Whose memory? The Commemorative Site of Nazi Massacre in the Piva Region in 1943 , BOHEMs, 08 Nov 2017

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Whose memory? The Commemorative Site of Nazi Massacre in the Piva Region in 1943 , BOHEMs, 08 Nov 2017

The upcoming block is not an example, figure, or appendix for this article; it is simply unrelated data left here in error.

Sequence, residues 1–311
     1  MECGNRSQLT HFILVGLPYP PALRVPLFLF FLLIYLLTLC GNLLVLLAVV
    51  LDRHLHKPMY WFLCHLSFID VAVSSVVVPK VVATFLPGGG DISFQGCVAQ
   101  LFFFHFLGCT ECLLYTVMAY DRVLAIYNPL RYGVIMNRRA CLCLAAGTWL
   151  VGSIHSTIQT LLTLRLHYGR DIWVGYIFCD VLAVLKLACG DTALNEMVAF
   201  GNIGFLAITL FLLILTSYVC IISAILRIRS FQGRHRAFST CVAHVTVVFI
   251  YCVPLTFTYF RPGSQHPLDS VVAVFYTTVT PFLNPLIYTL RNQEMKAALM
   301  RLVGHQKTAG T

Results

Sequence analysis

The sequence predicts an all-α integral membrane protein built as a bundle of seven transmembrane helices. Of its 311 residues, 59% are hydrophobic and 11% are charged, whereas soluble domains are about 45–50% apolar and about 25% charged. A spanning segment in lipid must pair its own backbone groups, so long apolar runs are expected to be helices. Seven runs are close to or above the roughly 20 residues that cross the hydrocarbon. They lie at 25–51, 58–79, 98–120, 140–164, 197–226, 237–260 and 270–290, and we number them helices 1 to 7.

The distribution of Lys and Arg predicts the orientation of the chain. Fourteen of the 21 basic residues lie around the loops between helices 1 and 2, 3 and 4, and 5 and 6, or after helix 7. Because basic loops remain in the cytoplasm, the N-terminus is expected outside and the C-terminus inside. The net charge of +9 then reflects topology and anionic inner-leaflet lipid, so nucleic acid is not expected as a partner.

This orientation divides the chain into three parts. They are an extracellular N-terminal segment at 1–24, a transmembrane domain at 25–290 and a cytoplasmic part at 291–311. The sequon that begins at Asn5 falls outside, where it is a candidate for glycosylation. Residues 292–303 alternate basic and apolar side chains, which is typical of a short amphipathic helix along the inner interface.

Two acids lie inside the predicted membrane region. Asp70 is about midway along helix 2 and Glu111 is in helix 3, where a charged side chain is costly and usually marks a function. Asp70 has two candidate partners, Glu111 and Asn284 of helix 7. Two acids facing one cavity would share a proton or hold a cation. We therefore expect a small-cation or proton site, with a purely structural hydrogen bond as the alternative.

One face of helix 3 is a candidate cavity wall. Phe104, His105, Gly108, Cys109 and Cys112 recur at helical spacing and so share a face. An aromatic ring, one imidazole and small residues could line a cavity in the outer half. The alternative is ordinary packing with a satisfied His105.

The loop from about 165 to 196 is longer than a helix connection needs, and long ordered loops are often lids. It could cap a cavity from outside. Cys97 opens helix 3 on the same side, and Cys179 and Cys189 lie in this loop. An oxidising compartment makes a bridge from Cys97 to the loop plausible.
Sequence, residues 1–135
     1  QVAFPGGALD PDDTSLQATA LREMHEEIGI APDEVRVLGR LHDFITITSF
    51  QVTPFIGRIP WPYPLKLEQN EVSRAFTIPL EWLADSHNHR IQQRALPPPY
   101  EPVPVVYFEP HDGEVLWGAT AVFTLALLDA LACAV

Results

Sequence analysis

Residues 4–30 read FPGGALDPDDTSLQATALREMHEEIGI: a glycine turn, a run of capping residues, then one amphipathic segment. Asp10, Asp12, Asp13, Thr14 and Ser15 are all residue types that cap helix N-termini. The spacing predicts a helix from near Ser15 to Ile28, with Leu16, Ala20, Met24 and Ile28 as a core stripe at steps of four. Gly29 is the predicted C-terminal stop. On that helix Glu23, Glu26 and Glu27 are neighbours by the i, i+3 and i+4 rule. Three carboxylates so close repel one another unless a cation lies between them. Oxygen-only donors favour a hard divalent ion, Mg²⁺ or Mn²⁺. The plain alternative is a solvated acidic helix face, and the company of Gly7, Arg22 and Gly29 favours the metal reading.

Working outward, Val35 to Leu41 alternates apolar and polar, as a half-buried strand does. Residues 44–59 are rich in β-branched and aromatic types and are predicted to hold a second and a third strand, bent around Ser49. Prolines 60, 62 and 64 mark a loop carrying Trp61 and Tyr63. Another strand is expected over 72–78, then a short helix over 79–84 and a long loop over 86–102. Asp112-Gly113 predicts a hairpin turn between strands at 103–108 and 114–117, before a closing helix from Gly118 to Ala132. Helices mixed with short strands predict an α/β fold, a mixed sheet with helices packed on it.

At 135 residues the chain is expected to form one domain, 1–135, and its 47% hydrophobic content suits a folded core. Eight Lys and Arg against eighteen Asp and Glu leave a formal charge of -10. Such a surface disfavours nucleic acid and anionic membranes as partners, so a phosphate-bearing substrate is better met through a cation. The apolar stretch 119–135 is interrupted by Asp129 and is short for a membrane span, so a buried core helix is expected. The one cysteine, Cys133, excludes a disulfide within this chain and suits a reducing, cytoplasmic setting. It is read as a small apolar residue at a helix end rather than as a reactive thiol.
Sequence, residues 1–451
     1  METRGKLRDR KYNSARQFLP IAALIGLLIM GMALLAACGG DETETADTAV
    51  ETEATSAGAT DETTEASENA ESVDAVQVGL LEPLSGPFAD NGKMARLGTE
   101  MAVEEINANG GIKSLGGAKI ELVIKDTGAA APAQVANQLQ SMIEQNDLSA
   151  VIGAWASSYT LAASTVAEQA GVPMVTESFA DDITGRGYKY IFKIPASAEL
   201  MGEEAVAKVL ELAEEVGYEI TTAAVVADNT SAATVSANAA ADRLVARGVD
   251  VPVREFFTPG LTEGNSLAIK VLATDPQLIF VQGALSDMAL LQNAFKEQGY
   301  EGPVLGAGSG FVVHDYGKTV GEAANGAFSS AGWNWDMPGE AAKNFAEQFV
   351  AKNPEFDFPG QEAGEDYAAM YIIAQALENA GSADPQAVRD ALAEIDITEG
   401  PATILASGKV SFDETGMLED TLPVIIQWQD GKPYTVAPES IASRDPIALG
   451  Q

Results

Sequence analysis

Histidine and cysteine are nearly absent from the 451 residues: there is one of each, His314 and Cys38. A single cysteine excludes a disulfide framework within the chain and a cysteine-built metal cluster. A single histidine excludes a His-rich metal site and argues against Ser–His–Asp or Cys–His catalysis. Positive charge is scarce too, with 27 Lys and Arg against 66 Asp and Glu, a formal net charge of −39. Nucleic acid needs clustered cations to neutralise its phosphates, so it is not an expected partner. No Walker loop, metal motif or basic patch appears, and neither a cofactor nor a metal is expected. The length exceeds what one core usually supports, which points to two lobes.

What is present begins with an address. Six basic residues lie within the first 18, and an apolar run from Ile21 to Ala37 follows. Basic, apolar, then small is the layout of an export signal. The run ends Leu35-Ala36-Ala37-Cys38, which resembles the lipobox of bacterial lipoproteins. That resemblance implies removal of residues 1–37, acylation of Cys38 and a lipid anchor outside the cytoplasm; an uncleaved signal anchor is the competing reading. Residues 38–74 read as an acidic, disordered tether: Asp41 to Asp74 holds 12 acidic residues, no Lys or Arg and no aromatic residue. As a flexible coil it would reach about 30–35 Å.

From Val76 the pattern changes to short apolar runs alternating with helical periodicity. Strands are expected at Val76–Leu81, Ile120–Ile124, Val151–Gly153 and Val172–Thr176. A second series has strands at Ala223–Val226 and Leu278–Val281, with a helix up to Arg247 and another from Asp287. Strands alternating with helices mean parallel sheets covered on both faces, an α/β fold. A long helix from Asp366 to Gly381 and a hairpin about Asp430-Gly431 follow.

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  1 Whose memory? The Commemorative Site of Nazi Massacre in the Piva Region in 1943   Karin Hofmeisterová  / BOHEMs 08 Nov 2017 It was not easy to find Dola, a small settlement in the Piva region of Northwestern Montenegro. It’s not even on a map. Yet it plays an important role in the memory of local inhabitants as well as in the collective memory of suffering in the Second World War. In 1943, the Piva region was a place of heavy fighting between communist partisans, Nazi troops and its local allies during the fifth German offensive in Yugoslavia, the so-called Operation Swartz. On the seventh of June, more than five hundred civilians, mostly children and women, were shot in less than two hours by members of the SS Division Prinz Eugen. It was ordered as a retaliatory and deterrent action, similar to other places in occupied Europe including the Czech villages Lidice and Ležáky. The site of the massacre remained unmarked for many years. Only in 1977 was the modest commemorative site created, fitted with statues by the well-known Montenegrin sculptor Luka Tomanović. In 2006, a church of the Serbian Orthodox Church (SOC) was founded in the complex, and the site has since been undergoing renovations. During the hot summer day, we were the only visitors at the commemorative site. Heaps of stones and a cement mixer just next to the main path sign, stating the place has been under construction for more than ten years. The statue of three raised hands marks the beginning of the circle path, leading visitors through the three holes that once served as mass graves. In the middle of each hole, a statue stands symbolizing a group of victims. While statues devoted to killed women and children are explicit by their shape, the third monument differs from them by its universality. Most likely, it is dedicated to the rest of the victims. It is clear that the monument was equipped with memorial plaques, now missing. Victims are thus completely anonymized since there is not a single plaque with the names of victims nor with the surnames of families affected by the massacre. There is also not much information about the event itself nor about the context in which it happened and its association with the National Liberation War. Only the panel written in Serbian Cyrillic above the church’s entrance devoted to all martyrs of the Piva region bears a brief account of the events. Casualties of the massacre in Dola are referenced as “innocent victims of the enemies of the Cross and Serbdom.”    2 The centrality of the church is more than symbolic; it has consistently been the SOC which, after the collapse of Yugoslav communism, took the leading role in commemorating and educating individuals about the atrocities committed by occupiers as well as by their internal non-Serbian allies during the Second World War. The suffering of civilians during that period was incorporated into a universal narrative of Serbian eternal victimhood and actively promoted by representatives of the SOC since the late-1980s. The activities of the SOC in this matter, however, raise many controversies, mainly for its selectiveness and national bias. In Montenegro, it has been a highly sensitive issue situated in the context of broader tensions between the SOC and the uncanonical Montenegrin Orthodox Church along with strife between Serbian and Montenegrin national identities. The public discussion on the memorial site in Dola clearly shows deep cleavages in Montenegrin society. Most of the locals and relatives of victims sincerely praise the SOC’s interest at the commemoration site, arguing that it would not even exist without it. On the other hand, many point out the SOC’s unjustified pretensions over the place and its memory.  Whose memory should the memorial site represent then, and to whom should it serve? By now, it seems it is the SOC which is the central actor in forming the collective memory of the massacre and it also seems to be mostly accepted by the local population. As a place of public memory, nonetheless, it barely provides any information about the actual event, the context in which it happened, nor about victims as individuals affected by the horrors of the Second World War. Reference: Hofmeisterová, Karin.   Whose memory? The commemorative site of Nazi massacre in the Piva region in 1943. PRIMUS BOHEMS Web, 8.11.2017. Link: http://www.bohems.fsv.cuni.cz/post/53. 
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